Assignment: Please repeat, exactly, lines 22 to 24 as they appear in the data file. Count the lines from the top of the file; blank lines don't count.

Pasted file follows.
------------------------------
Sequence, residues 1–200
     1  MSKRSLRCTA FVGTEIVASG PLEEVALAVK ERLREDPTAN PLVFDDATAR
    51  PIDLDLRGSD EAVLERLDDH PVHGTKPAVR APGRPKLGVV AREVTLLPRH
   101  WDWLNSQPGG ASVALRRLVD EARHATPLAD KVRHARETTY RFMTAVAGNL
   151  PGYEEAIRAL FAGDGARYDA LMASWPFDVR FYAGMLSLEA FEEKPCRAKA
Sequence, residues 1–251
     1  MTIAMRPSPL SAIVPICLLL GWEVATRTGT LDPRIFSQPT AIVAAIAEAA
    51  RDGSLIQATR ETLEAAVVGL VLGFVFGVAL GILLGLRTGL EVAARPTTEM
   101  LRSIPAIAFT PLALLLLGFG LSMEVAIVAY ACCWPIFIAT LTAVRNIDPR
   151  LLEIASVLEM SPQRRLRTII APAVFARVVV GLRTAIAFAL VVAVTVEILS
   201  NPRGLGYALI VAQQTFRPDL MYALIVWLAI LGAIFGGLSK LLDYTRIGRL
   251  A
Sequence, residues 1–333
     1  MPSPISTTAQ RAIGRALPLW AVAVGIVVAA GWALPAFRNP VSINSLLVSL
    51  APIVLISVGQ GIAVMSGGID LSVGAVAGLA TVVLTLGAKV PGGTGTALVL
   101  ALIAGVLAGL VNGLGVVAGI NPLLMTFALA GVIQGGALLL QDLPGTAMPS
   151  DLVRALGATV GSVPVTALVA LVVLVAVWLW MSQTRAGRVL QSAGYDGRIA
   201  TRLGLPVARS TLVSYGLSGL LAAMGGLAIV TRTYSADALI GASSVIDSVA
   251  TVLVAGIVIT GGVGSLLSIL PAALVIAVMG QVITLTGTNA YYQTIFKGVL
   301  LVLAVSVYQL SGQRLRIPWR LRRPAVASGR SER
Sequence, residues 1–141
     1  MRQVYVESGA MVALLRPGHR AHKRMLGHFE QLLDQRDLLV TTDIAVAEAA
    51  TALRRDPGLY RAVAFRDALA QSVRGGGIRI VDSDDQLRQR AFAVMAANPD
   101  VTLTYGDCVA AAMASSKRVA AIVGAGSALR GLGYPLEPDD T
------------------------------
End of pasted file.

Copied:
     1  MRQVYVESGA MVALLRPGHR AHKRMLGHFE QLLDQRDLLV TTDIAVAEAA
    51  TALRRDPGLY RAVAFRDALA QSVRGGGIRI VDSDDQLRQR AFAVMAANPD
   101  VTLTYGDCVA AAMASSKRVA AIVGAGSALR GLGYPLEPDD T